Seepje: let nature do your laundry in a nutshell
Sooner or later, we all have to face it: doing laundry. However, while we often use laundry detergent that is brimming harmful chemicals, there is another way. The Dutch company Seepje discovered how people in Nepal used the shells of the Sapindus mukorossi to do their laundry without adding products that are bad for the environment.
The fruits of Sapindus mukorossi, commonly known as the Chinese soapberry or washnut, grow on trees in and around the Himalayas. Because of the favourable climate, the best shells come from Nepal. The shells contain a natural soap called saponin. When they come into contact with water, this soap is released. It also acts as a fabric softener, making your clothes clean and soft.
The soapberry shells are hypoallergenic, so safe for the skin, and can be used for all fabrics, including wool and silk. You put 4 shells into a laundry bag and add it to your clothes in the washing machine. You can use them up to three times, before throwing them out with your fruit and vegetable waste.
Seepje offers a natural variant, without added scent, or a package including a bottle of etheric oil with lavender (“Summer vacation” as it is called) or pine (“Morning-in-the-forest”) scent so you can add as much as you want, though they recommend 10 drops per load. With a package containing 150 grams (5.3 ounce), they estimate you can do laundry about 30 times.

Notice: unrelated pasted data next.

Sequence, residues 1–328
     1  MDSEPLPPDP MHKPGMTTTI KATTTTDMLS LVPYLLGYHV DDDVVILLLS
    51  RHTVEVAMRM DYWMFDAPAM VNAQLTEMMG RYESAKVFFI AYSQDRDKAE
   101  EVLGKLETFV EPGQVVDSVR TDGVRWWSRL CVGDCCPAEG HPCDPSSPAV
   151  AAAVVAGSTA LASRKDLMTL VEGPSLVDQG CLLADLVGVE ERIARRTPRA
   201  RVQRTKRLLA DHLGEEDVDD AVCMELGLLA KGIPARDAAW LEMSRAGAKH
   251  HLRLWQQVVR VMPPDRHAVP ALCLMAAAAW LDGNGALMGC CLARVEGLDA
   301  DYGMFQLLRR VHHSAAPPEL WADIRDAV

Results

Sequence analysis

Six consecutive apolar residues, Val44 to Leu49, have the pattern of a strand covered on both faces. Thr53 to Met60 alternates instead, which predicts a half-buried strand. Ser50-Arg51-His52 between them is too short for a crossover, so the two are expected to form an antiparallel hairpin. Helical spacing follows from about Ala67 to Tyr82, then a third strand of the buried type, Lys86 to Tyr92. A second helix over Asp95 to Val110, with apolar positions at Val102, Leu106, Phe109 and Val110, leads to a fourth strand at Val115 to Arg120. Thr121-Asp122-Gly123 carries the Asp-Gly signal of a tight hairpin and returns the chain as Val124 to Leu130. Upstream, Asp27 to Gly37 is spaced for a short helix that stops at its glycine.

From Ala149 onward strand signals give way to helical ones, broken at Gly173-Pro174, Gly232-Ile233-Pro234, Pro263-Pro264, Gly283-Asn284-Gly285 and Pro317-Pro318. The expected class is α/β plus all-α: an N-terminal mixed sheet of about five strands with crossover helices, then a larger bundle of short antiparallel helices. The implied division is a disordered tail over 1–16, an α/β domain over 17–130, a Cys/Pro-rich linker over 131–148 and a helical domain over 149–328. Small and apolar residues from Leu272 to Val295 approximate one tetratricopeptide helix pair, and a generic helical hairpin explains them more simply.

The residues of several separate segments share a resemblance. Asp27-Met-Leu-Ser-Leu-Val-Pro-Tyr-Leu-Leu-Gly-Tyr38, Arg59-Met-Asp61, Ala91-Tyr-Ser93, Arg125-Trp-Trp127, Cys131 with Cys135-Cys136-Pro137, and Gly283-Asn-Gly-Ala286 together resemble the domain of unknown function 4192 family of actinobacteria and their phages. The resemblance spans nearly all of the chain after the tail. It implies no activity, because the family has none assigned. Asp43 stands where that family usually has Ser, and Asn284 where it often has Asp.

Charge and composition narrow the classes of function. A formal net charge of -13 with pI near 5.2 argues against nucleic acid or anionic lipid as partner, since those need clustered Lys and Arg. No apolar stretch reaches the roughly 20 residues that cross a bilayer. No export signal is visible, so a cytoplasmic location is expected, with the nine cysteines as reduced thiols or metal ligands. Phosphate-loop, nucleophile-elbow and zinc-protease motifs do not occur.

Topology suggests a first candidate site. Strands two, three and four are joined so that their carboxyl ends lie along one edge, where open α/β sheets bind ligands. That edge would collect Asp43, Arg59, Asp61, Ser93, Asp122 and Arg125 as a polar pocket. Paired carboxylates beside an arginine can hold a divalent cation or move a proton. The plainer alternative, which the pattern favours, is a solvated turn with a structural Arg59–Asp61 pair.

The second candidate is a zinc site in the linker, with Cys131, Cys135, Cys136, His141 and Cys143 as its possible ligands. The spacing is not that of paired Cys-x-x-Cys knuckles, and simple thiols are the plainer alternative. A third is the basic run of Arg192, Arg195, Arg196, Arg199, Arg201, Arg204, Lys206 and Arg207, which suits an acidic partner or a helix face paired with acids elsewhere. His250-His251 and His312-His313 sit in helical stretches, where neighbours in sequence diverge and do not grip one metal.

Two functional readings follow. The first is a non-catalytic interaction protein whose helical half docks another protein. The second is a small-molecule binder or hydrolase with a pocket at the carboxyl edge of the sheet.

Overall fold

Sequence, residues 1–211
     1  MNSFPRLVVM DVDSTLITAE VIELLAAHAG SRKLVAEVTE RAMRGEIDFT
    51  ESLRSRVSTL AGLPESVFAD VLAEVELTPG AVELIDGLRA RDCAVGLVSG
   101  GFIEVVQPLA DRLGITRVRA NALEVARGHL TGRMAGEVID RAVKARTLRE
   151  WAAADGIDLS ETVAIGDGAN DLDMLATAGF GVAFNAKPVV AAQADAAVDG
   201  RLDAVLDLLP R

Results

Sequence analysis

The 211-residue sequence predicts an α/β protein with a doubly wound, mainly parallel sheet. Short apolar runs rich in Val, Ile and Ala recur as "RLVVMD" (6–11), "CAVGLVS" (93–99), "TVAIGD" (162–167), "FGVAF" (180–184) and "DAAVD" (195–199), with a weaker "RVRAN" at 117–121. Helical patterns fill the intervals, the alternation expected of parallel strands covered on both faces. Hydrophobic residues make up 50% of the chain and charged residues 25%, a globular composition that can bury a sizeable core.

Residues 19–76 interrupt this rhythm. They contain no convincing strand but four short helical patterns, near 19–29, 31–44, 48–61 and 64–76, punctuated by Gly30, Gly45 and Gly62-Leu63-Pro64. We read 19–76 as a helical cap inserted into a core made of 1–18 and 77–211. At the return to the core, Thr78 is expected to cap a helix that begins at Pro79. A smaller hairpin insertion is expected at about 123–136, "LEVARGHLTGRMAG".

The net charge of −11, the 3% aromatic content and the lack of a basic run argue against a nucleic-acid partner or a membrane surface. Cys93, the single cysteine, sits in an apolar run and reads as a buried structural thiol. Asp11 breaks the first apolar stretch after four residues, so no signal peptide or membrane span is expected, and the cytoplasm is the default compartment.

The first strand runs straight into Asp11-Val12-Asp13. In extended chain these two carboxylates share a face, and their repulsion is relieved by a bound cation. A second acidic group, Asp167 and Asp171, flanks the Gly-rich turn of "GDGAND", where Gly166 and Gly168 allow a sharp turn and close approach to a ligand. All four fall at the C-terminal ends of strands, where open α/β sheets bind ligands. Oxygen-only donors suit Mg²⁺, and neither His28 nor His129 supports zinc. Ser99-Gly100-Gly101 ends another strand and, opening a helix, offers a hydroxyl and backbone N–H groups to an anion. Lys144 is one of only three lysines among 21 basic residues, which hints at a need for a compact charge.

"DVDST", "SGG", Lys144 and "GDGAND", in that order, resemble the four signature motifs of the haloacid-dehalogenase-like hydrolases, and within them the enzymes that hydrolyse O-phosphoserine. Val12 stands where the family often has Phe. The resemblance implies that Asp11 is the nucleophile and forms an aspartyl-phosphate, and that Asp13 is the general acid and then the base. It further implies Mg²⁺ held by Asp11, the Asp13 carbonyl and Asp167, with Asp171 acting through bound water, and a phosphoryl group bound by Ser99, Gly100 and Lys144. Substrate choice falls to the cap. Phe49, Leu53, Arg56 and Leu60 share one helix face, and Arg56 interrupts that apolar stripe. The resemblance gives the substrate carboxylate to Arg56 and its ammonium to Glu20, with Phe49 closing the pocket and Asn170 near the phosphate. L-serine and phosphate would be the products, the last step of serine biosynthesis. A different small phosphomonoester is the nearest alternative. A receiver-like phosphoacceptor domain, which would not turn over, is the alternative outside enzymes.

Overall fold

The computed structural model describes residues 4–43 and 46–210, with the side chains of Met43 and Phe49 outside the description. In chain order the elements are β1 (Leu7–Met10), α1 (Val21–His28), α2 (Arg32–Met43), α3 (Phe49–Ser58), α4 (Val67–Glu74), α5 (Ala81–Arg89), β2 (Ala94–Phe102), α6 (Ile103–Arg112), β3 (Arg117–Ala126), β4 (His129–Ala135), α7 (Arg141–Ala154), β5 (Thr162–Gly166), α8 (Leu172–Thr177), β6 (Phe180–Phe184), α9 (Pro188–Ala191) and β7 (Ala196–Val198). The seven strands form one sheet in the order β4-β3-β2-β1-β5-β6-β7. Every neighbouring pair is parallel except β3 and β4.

For people who prefer liquid detergent, Seepje also offers bottles for white or coloured laundry. This detergent consists of 80 per cent of the Sapindus shells. The bottles are enough for 23 times doing the laundry and come in the scents “Freshly squeezed spring” and “Blithely and Happy”. It probably smells how you’re imagining right now.
The ingredients that Seepje uses are all natural and biodegradable, so they are safe for the environment. In addition, the company pays fair wages to the farmers harvesting the shells, creating better and safer work environment. Thanks to the increasing popularity of the shells in Western countries, the Sapindus trees are preserved and jobs are created.
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